Historic Sites and Buildings
James Monroe began building this palatial mansion at the height of his career, during his first term as President (1817-21), drafted the Monroe Doctrine in it, and retired there at the end of his public service.
In 1808 Monroe inherited the property on which the mansion stands from an uncle, but lack of funds prevented him from beginning construction of a home for at least a decade. Thomas Jefferson designed the mansion, and James Hoban, architect of the White House and Capitol, provided architectural assistance. Constructed of brick kilned nearby, the structure was completed in 1823. Monroe furnished it with pieces from his Ash Lawn estate, near Charlottesville, Va., which he later sold.
Spending much time at Oak Hill, Monroe made horseback trips to and from the Capital. On the grounds, among numerous locust and poplar trees, he planted an oak for each State in the Union, and thereby gave the estate its name. In 1825 he left the White House and retired at Oak Hill, where he entertained such notables as John Quincy Adams and the Marquis de Lafayette. Financial difficulties eventually forced him to dispose of all his property, including Oak Hill. In 1830, the year his wife died, he moved to New York City to live with his daughter. On July 4, 1831, he died there.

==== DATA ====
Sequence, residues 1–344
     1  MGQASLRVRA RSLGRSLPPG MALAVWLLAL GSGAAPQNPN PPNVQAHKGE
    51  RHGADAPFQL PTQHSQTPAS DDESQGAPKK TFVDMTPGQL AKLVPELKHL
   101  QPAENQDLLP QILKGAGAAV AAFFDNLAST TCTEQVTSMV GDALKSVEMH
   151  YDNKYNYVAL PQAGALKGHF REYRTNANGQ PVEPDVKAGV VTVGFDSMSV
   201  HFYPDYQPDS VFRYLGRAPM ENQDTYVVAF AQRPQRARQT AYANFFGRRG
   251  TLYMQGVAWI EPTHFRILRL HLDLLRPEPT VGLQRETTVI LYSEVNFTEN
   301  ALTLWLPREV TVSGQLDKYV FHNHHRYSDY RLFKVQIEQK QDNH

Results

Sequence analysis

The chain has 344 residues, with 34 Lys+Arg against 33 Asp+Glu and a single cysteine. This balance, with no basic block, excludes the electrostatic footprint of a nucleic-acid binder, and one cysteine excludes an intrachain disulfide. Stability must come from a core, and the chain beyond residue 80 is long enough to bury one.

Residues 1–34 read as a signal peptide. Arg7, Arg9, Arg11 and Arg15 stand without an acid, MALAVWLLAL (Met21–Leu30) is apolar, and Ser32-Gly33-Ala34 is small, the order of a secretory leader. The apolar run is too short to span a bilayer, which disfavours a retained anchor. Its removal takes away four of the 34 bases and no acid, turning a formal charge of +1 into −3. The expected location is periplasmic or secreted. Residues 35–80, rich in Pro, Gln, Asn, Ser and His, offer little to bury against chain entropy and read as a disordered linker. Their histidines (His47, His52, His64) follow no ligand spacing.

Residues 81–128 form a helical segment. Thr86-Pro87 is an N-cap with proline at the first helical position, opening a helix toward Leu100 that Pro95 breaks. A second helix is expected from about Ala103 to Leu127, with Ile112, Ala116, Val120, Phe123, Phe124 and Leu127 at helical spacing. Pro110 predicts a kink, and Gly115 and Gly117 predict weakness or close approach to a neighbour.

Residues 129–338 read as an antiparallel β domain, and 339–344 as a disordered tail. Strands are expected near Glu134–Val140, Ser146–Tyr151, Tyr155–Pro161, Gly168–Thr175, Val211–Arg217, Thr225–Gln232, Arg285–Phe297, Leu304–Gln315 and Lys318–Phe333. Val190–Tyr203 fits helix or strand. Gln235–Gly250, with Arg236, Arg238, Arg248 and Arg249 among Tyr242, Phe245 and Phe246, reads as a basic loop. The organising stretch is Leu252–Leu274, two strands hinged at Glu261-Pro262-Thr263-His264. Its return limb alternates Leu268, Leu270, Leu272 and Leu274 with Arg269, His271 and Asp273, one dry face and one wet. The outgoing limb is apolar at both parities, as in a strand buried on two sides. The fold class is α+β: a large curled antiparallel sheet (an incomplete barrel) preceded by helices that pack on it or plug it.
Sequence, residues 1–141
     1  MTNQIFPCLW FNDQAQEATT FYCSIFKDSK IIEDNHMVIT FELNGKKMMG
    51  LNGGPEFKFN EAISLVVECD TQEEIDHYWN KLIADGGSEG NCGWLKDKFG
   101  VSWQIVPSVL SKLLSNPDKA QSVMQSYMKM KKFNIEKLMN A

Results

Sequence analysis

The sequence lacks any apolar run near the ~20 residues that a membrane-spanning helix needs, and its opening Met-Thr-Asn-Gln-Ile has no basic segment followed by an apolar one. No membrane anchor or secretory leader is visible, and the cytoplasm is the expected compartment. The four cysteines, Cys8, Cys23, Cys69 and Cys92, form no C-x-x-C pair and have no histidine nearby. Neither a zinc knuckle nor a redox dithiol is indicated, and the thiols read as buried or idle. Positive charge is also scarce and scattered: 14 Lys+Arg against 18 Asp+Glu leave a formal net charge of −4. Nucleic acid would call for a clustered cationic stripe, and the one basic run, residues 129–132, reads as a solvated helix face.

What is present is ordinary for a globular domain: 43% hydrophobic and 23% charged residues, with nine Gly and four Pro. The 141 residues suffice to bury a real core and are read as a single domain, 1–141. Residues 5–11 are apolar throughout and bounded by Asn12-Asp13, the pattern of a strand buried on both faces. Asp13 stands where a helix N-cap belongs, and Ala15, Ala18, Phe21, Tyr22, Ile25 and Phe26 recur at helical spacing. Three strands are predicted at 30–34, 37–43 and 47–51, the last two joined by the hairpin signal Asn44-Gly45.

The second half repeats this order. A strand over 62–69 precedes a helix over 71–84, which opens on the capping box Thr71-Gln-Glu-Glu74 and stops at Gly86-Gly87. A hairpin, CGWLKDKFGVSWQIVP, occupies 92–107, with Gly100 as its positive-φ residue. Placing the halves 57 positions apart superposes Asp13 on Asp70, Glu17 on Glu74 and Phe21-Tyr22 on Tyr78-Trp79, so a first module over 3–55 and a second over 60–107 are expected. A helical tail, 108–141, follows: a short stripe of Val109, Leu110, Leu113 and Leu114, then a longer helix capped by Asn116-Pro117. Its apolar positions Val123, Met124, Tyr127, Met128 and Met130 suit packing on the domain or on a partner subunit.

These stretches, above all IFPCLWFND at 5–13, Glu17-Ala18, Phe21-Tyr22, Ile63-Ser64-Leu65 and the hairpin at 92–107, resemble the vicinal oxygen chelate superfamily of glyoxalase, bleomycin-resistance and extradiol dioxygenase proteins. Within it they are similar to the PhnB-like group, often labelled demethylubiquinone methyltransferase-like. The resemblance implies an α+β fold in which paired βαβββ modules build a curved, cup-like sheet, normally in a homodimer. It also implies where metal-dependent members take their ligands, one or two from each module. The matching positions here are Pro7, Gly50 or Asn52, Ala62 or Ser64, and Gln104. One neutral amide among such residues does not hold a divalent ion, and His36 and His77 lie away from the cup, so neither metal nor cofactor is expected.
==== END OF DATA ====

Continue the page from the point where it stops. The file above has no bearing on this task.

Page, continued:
The mansion originally consisted of a two-story central portion with small, one-room wings. In 1923 the owner enlarged the wings to two full stories. The south portico, two stories high and supported by seven Doric pillars, is the most striking feature of the residence. The basement contains the kitchen, servants' dining room, and various storage and service rooms. On the first floor are an entrance hall, two drawing rooms, dining room, sitting room, library, master's room, guestroom, and pantry. Bedrooms, servants' quarters, and four sun decks occupy the second floor. The attic is used for storage. A number of outbuildings remain, including a smokehouse, springhouse, law office, and "Monroe's Cottage." The latter is a small frame structure that served as his residence before he built the present mansion. Privately owned Oak Hill is not open to the public.
Last Updated: 22-Jan-2004